the feel-good factor!

I read a book on Tuesday.  It was called The Feel Good Book and it was written by Todd Parr.  Every page was dedicated to something that feels good.  Like laughing out loud.  Hahahahaha.


And getting tickled…..


and catching snowflakes on your tongue.  Smile with tongue out


And ooh – after I had finished – we felt GOOD!  It was just thinking about all the things that feel good that did it!  The feel-good factor at work!

And then we started thinking about other things that made us feel good.  Like being up before the sun has melted the frost…..


and watching a fluffy bee at work.


Like melted chocolate. With peanut butter (but don’t tell anyone!)

Like playing a clapping game with a friend.


Like hugging someone…..


and being inside a hug.


And then we worked with a friend (which means we co-operated) to choose a few special things that felt good for us.  We wrote them down and then together (which means we co-operated) we chose the ones we felt best about to have printed.  Then we worked together (yes – more co-operating) to illustrate each page.

For Tanisha, collecting leaves feels good…..and for Lakeisha it’s being in bed!

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Playing pirates feels feels good for Ella…..but for Yanis it’s making sandcastles.

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Walking in the grass with bare feet feels good for Hiromi…..and for Joseph too.  But he also likes being in the park.  Barefoot in the Park perhaps.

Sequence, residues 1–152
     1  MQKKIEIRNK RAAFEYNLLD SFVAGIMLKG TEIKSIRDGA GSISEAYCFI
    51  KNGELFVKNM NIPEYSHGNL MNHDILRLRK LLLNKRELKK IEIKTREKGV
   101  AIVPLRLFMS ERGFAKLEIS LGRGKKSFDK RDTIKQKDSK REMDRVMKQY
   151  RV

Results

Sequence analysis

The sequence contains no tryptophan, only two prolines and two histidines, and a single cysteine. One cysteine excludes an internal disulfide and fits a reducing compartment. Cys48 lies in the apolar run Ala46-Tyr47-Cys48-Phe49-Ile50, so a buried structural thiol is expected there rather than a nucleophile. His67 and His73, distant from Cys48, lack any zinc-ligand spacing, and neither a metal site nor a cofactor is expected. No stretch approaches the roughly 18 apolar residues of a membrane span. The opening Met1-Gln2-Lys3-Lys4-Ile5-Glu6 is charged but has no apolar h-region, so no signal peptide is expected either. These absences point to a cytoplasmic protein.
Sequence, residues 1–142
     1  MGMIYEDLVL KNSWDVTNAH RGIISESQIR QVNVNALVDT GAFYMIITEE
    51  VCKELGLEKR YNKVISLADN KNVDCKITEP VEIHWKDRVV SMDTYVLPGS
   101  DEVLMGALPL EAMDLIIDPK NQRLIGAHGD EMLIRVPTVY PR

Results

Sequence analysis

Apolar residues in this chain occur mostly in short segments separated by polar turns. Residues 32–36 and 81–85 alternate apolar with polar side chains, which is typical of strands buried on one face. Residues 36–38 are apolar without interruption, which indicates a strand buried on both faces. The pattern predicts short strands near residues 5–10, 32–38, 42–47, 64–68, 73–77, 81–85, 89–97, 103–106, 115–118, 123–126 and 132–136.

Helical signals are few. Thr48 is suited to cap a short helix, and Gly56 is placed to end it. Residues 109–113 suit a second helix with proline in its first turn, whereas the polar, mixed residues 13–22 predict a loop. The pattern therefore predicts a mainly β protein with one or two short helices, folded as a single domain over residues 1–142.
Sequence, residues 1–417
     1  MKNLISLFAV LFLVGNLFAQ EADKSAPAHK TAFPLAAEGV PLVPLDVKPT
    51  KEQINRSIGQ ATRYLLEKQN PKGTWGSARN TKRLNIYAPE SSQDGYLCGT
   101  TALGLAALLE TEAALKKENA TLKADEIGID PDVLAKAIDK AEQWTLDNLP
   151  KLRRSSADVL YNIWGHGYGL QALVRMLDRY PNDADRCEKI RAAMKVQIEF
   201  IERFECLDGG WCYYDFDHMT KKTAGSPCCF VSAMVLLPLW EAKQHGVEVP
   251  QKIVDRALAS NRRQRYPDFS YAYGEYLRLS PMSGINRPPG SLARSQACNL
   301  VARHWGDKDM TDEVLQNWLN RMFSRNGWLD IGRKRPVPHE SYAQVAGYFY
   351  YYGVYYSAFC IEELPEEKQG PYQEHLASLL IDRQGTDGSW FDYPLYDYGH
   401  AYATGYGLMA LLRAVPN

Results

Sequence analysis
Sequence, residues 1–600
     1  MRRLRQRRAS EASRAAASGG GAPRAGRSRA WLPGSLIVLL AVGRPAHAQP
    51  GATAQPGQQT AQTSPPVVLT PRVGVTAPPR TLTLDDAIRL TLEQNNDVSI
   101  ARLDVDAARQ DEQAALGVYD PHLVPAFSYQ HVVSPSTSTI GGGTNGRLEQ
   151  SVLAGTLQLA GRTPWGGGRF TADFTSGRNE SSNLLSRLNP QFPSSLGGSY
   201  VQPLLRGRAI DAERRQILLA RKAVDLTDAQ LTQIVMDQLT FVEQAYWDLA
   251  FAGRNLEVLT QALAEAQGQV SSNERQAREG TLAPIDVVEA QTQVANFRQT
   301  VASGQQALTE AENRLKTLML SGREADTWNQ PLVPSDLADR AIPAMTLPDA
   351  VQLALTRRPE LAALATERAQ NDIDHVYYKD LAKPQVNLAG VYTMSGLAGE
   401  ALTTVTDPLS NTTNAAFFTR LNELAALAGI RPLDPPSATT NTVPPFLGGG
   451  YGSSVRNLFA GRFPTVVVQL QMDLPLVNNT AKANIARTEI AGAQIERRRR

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Baking feels good; learning ABCs feels good; eating apples feels good.

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As do lots of other things besides.

We pasted all of our feel-good thoughts and pictures into a BIG yellow book.  Our first pub-lic-a-tion.   A magnificent work of co-operation!

We shared it in assembly on Wed-nes-day.  And do you know what?  Afterwards, one of the teachers asked us if we would put it in the library so other people could check it out.  Well of course we could.  After all, we know that just thinking about the things that make you feel good can make you feel good.  Can you imagine how people who check it out will feel once they have read it!

It’s the feel-good factor at work!  All the way round the school!  And back.